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From: "Da Man"
Subject: Re: Looking to make a 56 Amp NiMH Battery Charger
X-Newsreader: Microsoft Outlook Express 5.50.4807.1700
Date: Tue, 07 Jan 2003 13:16:36 GMT
NNTP-Posting-Date: Tue, 07 Jan 2003 09:16:36 AST
"Fritz Schlunder" wrote in message
> "Fritz Schlunder" wrote in message
> > "Ian Rotheram" wrote in message
> > news:firstname.lastname@example.org...
> > > Help,
> > >
> > > can anybody suggest methods of making a 56 Amp NiMH battery charger
> > > for pack of cell either 3,4 or 5 cell packs or multiples of that, with
> > > the possibility of a car battery as the power source.
> > >
> > > Also as an extra while were on large currents, how about a homebrew
> > > dummy load one that can handle 40 Amps and turn off when the batteries
> > > reach a set level and another that can sink 270 Amps (Stop Laughing)
> > >
> > > yours
> > >
> > > Ian Rotheram
> > Well as far as the dummy load construction is concerned I would probably
> > tend towards constructing a home brewed water cooled resistor (since
> > presumably low voltage 270 amps we are working with).
> > You don't specify what voltage your battery pack is for the 270 amp
> > but lets assume about 6V (5 cells) since you mentioned that earlier.
> > suggests you need about 22 milliohms of resistance for your load, but
> > power dissipation of 270 x 6 ~= 1600W.
> > If we go here http://www.mogami.com/e/cad/wire-gauge.html we find that
> > gauge solid copper wire has a resistance of about 13 milliohms per
> > So how about taking about 1.7 meters or so of 16 gauge wire and stuffing
> > into a 5 gallon (~20 liter) jug or bucket of reasonably clean water.
> > wire need not be insulated (or if so only enamel coated) since
> > clean water will have dramatically higher resistance than copper will,
> > therefore the water should not significantly alter your load resistance.
> > 20 Liters is 20,000mL and each mL takes 1 calorie (about 4 joules or 4
> > watt-seconds) to raise one degree C. So it will take about 80
> > raise our 20L of water one degree C. Suppose you dumped a fully charged
> > 270Ah 6V battery into your 20L water reservoir. The battery energy
> > is 270A*6V*3600s = 5.8 megajoules. Assuming the water was well
> > this suggests a temperature rise of (5,800,000J)/(80,000J/K) = 73 deg.
> > Of course that is over a one hour period so the maximum temperature rise
> > will be less since losses will become signficant at higher temperatures.
> > Assuming the water was initially at room temperature it should not boil.
> > A simple comparator with plenty of hysteresis (essential to insure
> > transistion without oscillations, or worse operation in a linear mode)
> > controlling the gates (hopefully with a real gate driver) of a set of
> > paralleled low on resistance MOSFETs could provide the control to switch
> > load off when the battery voltage decays to your set value. I might
> > using 10+ of the IRF3711 MOSFETs since they offer good bang for your
> > Datasheet at http://www.irf.com/product-info/datasheets/data/irf3711.pdf
> > Digikey will sell you ten of them for $1.01 a piece. Make sure you've
> > (and understand) International Recitifier's application note AN941
> > http://www.irf.com/technical-info/appnotes/an-941.pdf before
> > If you parallel 25+ or so of the devices heatsinking may not be
> Just thought of something that is very important that I forgot to mention
> earlier. Design the load resistance to be as non-inductive as possible.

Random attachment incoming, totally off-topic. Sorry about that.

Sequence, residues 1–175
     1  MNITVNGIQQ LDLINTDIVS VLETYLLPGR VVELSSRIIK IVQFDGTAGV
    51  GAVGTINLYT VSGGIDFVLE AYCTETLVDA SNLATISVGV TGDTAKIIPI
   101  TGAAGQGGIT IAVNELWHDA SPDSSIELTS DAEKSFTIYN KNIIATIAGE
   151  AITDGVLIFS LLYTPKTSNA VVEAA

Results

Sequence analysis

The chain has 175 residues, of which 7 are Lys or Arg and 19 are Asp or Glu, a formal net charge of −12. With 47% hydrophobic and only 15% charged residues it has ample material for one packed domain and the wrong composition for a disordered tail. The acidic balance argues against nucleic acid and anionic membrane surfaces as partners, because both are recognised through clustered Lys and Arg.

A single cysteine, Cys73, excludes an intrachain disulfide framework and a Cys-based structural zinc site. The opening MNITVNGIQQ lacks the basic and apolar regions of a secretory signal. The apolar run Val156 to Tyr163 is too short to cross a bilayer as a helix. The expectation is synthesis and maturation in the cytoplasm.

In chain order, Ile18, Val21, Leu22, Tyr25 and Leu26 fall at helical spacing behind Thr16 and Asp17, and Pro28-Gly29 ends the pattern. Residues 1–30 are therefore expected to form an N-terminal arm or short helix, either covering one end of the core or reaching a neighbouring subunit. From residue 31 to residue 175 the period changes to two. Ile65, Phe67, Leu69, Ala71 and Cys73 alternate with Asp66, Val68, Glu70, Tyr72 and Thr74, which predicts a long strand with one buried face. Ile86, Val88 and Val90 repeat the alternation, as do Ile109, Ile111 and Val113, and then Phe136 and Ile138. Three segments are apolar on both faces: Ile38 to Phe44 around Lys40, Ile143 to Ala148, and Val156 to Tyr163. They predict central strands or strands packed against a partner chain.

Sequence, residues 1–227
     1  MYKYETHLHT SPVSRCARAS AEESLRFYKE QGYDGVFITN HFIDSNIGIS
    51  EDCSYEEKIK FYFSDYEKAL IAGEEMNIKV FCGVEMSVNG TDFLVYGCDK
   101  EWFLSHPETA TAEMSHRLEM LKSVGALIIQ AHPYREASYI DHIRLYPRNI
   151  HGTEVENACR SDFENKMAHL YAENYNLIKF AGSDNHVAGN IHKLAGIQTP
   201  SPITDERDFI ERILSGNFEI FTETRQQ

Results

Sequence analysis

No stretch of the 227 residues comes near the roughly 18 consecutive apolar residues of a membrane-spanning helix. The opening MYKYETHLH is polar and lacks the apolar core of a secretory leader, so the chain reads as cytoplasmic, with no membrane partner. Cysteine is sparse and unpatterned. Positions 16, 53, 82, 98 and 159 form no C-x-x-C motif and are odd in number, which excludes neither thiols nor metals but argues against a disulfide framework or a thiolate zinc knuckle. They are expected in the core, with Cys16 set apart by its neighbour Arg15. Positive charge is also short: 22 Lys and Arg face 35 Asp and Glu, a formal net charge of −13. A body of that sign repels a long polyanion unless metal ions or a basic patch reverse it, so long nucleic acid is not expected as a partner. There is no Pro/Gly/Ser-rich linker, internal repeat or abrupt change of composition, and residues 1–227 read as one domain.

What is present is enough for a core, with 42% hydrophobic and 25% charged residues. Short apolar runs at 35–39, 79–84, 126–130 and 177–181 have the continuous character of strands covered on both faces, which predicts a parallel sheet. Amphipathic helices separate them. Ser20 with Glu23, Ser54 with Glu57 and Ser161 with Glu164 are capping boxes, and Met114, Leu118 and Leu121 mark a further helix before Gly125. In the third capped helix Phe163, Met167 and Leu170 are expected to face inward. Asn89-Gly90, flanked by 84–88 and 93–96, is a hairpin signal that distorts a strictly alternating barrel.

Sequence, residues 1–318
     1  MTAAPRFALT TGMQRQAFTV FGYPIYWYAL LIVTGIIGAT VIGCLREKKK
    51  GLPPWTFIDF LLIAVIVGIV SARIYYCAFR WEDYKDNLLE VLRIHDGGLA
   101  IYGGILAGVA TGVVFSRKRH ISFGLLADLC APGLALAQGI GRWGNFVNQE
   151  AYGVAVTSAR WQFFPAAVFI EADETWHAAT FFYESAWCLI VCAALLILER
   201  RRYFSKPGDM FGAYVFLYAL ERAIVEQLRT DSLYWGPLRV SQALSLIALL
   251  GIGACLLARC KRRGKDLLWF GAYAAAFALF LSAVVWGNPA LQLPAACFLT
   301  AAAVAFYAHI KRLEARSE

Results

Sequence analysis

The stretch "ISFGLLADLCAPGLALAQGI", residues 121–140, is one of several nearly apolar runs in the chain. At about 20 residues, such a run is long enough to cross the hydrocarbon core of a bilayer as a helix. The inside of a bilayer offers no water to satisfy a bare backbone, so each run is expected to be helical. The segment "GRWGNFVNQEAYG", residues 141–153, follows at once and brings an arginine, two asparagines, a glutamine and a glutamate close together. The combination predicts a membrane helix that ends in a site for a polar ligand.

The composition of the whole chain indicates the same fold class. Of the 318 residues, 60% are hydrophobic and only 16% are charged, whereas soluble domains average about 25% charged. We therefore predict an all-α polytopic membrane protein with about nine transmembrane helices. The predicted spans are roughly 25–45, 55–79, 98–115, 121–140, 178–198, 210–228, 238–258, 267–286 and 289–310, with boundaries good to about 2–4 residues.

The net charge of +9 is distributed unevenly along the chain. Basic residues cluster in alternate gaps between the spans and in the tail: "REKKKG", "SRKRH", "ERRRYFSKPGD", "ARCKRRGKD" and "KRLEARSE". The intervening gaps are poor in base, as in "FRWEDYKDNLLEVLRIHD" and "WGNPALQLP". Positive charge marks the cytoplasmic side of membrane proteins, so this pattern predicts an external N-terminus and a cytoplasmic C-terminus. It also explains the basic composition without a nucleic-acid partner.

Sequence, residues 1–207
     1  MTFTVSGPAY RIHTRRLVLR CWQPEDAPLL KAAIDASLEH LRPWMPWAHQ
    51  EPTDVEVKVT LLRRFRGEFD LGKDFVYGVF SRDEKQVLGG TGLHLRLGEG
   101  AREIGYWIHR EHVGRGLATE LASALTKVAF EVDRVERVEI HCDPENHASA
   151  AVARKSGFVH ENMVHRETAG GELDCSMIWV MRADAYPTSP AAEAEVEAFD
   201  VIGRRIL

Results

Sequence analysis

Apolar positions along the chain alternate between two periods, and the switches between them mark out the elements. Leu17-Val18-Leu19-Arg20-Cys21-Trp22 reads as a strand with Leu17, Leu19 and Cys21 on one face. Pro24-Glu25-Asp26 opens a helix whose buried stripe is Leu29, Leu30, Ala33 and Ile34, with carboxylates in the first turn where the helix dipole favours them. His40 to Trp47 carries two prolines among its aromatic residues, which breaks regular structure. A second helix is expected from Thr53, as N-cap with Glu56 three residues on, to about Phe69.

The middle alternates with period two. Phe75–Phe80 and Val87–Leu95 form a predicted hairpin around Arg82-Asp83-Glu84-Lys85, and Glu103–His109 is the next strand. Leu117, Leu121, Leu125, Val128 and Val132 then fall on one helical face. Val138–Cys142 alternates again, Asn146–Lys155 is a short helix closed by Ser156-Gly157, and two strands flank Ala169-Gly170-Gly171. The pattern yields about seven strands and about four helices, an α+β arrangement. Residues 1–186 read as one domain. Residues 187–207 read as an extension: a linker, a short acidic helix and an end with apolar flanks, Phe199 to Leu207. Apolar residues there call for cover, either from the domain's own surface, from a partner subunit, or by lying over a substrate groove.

> This means do NOT coil up the ~1.7meters of 16 gauge wire (or whatever you
> select). Instead construct the resistor by taking the wire and looping it
> back over itself over and over (like a ribbon, or like a hiking trail
> up a steep mountain that switches back and forth on itself) to lower the
> entire high current loop inductance.
> The energy stored in a 2uH indunctance (an easily obtainable figure with
> meters of wire with an air core) is 0.5LI^2 (where L is inductance in
> henries, I is current flowing through inductor, and the result is the
> stored in joules).
> At 270 amps 2uH stores 0.5(0.000002)(270)^2 = 73millijoules, a definitely
> non-negligible figure.
> If the 270 amps causes your MOSFETs to avalanche (which it certainly would
> since the output capacitance of 10+ IRF3711 MOSFETs is very small and
> nowhere near 73 millijoules at under 20V), it is probable that the
> will not be evenly distributed over all MOSFETs equally. As such any one
> MOSFET could easily exceed (massivly at that) the maximum avalanche
> capability of the device (30amps), and your MOSFETs may (likely will) be
> So, what you need to do is snub this energy. You could use a massive RC
> snubber (or RCD clamp), or what I would be more inclined to do would be to
> use about three 1.5 kilowatt transient supressor diodes in parallel with
> small series resistors (to insure even sharing of current). Perhaps three
> or more 1.5KE10A (aka 1N6271A) (datasheet at:
> http://www.onsemi.com/pub/Collateral/1N6267A-D.PDF) transient supressors
> (with say 0.05 ohm resistors in series) could be paralleled across your
> MOSFET bank. Alternatively if you can find one perhaps a single 5KP9.0A
> (http://www.littelfuse.com/PDFs/Products/5KP.pdf) transient supressor
> (without any resistor in series) could be used instead.
> The 1.5KE10A devices are available from digikey for around 70 cents a
> My question for other people suggesting using a relay to switch off the
> current. Where do you find a relay suitable for switching greater than
> 270Amps DC? Also, how much does it cost? Although I've certainly never
> seen one I'm sure they exist somewhere, but I suspect they cost
> significantly more arms and legs than a MOSFET solution would...
Ford style Starter Solenoid! They cost about $10 Canadian. 12V drive (in the
range of 1A) , and most will tolerate long duty cycles.
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